Here at Hexawise, we aim to make the process of testing easier and more efficient. One way in which we've done this is by promoting our test design tool. But we were seeing people make test plans too complicated. So we came up with an easy way to create super powerful test plans that stay simple and effective.
What did we come up with, you ask?
'Start with a verb and a noun.'
The idea of using a verb and a noun to describe the appropriate scope for a set of tests has been used by Eduardo Miranda. As he points out, if you find yourself tempted to add testing ideas (e.g., explore the help files in depth) that do not easily fit into your chosen verb and noun (e.g., "book a flight"), that can be a useful red flag; accordingly, you might want to exclude those new test ideas that "don't fit" from the test scenarios in your current scope of tests.
This strategy is useful for two main reasons.
One - It is a great leaping off point from which to create interesting scenarios.
The tester is forced to understand and question their system under test. For some, this is a radically different idea to what their job is. We typically hear something like "You mean, I can't just 'validate the file exists?'"
Two - The 'verb and noun' strategy requires you remain specific to one common goal.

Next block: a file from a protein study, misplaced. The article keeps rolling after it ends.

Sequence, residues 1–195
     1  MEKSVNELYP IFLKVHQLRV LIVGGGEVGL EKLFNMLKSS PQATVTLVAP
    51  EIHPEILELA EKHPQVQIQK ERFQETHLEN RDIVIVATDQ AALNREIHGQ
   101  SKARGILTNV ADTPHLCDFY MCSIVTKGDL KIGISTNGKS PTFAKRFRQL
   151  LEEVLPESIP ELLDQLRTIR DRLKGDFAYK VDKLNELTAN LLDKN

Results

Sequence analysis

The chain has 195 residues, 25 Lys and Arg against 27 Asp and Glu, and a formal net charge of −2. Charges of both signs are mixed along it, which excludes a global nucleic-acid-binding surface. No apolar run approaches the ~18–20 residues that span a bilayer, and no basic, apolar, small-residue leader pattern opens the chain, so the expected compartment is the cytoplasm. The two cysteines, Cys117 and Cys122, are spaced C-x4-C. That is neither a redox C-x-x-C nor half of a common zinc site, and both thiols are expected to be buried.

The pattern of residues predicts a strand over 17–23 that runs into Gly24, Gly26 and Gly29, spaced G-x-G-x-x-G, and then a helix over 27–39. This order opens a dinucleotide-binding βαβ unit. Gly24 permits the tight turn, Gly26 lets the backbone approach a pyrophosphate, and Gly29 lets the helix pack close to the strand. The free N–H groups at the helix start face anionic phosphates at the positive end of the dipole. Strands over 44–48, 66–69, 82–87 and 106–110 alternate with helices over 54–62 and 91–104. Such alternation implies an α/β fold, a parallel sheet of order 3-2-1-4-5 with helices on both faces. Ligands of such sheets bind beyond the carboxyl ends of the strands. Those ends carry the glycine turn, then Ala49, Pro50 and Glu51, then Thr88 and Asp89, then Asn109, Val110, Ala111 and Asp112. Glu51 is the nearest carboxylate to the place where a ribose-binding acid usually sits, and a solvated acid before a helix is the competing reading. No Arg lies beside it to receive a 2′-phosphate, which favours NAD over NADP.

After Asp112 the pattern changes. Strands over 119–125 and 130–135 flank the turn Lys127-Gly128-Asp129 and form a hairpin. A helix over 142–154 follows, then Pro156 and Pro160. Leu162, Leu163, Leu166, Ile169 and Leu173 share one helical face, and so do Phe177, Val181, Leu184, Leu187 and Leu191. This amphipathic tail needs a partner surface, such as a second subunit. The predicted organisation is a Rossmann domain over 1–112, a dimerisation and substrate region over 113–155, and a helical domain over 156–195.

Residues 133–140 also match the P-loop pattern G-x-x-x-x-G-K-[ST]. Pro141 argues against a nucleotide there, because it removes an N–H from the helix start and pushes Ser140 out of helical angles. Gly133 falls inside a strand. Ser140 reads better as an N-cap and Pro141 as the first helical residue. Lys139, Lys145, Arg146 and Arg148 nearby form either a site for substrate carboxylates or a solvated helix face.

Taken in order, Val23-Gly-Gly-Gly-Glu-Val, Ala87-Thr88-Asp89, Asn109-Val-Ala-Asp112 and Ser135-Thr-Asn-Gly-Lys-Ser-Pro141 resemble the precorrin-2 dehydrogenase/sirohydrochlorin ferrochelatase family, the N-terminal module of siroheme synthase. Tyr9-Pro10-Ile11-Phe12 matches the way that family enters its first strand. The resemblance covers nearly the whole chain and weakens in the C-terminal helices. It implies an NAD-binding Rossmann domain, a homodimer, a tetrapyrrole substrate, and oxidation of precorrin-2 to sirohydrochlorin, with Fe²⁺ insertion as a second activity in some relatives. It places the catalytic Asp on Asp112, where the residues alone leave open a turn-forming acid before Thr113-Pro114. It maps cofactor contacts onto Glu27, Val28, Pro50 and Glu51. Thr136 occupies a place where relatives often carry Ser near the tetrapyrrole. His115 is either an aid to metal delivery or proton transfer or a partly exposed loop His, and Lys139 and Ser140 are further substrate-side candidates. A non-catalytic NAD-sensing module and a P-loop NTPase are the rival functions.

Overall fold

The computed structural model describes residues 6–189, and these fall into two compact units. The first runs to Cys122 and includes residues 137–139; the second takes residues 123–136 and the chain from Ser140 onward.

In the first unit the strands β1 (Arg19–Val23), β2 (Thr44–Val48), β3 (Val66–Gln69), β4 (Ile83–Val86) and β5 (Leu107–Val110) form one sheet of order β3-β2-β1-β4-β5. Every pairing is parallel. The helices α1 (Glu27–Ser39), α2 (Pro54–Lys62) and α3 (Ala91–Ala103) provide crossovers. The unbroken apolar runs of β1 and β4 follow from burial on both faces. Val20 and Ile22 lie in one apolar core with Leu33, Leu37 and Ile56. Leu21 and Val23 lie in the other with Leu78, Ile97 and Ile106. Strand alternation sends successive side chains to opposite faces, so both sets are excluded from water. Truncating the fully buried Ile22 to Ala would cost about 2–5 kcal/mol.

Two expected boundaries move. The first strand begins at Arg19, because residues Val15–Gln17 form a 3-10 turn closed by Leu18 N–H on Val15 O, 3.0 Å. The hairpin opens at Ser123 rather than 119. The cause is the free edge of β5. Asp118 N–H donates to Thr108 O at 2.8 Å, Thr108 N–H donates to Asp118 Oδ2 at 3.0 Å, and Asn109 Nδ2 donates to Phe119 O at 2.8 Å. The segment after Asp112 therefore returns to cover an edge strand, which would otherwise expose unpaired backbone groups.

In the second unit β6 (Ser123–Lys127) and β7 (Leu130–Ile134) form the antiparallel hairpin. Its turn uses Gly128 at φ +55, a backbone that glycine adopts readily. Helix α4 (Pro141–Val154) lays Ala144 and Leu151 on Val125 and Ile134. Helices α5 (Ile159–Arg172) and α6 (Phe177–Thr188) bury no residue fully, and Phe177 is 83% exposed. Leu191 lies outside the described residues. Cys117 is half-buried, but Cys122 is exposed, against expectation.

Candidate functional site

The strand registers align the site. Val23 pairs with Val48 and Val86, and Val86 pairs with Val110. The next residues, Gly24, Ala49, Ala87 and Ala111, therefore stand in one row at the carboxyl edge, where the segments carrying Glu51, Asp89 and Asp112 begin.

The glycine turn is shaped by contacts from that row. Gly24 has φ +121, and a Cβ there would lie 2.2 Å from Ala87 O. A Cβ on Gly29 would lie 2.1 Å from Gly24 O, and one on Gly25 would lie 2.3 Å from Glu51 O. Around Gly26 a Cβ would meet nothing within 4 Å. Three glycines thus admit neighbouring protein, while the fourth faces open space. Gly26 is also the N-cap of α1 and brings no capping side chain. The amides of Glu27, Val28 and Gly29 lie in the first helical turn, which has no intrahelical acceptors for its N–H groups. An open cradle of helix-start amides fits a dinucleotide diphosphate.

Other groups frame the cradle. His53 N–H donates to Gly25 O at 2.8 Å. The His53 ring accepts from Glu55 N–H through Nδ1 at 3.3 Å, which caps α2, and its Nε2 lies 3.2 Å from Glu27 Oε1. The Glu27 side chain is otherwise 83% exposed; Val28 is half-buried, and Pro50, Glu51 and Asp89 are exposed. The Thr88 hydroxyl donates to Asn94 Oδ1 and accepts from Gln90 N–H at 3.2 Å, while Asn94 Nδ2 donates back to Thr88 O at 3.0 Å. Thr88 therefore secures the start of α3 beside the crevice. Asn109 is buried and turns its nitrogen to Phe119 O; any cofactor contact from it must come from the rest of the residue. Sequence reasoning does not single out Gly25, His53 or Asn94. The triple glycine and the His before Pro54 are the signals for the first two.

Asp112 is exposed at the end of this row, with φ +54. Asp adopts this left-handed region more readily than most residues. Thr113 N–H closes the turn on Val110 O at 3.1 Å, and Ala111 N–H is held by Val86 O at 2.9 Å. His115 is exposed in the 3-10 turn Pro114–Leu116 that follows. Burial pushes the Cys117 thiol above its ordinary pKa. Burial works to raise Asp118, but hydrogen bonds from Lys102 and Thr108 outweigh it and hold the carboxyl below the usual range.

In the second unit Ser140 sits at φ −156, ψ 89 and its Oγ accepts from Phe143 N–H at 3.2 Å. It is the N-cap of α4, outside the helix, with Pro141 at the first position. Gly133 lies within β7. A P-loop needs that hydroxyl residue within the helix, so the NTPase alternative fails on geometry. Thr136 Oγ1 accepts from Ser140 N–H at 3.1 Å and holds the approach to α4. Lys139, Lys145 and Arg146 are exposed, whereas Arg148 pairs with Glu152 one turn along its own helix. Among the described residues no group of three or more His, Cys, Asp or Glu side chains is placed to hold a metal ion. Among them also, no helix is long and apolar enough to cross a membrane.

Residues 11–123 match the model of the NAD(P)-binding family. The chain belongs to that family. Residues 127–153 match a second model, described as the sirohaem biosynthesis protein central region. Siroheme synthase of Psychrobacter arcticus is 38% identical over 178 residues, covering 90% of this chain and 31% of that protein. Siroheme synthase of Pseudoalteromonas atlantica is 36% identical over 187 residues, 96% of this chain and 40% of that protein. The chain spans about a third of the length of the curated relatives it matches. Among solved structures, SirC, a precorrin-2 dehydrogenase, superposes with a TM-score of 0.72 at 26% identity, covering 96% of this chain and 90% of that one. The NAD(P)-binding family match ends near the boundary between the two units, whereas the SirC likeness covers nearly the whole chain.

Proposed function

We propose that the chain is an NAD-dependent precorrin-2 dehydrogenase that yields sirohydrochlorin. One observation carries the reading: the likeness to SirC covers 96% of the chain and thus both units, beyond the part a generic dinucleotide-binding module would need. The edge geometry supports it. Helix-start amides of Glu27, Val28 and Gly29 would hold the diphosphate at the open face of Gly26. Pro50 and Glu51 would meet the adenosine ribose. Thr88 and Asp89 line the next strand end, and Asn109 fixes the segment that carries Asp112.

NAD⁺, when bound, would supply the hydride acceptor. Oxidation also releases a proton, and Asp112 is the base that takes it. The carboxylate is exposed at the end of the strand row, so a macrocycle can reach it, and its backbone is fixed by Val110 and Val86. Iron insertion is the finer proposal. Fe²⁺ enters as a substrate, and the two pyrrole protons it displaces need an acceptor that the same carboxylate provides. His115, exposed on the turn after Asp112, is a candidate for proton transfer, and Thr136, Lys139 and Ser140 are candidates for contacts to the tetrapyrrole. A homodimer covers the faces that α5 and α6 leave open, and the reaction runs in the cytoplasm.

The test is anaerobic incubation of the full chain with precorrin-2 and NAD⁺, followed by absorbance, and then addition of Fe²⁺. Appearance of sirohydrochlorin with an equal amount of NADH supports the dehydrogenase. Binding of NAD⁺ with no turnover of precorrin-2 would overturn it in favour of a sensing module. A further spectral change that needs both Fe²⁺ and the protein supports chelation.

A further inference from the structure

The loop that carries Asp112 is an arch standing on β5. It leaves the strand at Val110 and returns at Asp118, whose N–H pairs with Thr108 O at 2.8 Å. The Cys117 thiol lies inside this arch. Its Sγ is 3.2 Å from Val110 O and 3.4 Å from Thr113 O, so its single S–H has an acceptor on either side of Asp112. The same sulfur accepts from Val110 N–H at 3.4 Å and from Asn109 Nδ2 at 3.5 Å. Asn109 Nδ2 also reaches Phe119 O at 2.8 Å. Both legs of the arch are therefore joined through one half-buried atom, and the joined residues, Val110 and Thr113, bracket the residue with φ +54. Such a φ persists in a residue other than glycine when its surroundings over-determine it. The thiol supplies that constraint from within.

Test plans get bloated when you start incorporating disparate ideas. This is commonly seen when testing a system that would be described as 'Apply for Loan' and you start adding in ideas to 'explore help files.' While exploring the help files will be necessary at some point, it probably will not trigger results needed for successfully testing your application process.
Now, let's explore this first reason:
You start by choosing any verb and noun.
Then you have to create questions to understand that verb and noun.
Then answer your questions. This is important. If you can't answer them, how could you possibly test the system?
These ideas of questions and answers lend themselves quite well to be used as test steps or scenario planning. Below you can see how well they imported into Hexawise.
Generating tests is the only thing left to do before testing.
Hopefully you've enjoyed this exploration on making simple and effective tests using the 'Verb and Noun' process.
By: Justin Hunter on Jun 4, 2014
Categories: Combinatorial Software Testing